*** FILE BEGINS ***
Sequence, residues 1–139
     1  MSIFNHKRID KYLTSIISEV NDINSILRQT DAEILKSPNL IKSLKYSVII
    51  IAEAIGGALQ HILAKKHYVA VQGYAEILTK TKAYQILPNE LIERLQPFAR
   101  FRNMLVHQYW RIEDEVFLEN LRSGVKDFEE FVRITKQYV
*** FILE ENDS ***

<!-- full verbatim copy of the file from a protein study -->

Sequence, residues 1–139
     1  MSIFNHKRID KYLTSIISEV NDINSILRQT DAEILKSPNL IKSLKYSVII
    51  IAEAIGGALQ HILAKKHYVA VQGYAEILTK TKAYQILPNE LIERLQPFAR
   101  FRNMLVHQYW RIEDEVFLEN LRSGVKDFEE FVRITKQYV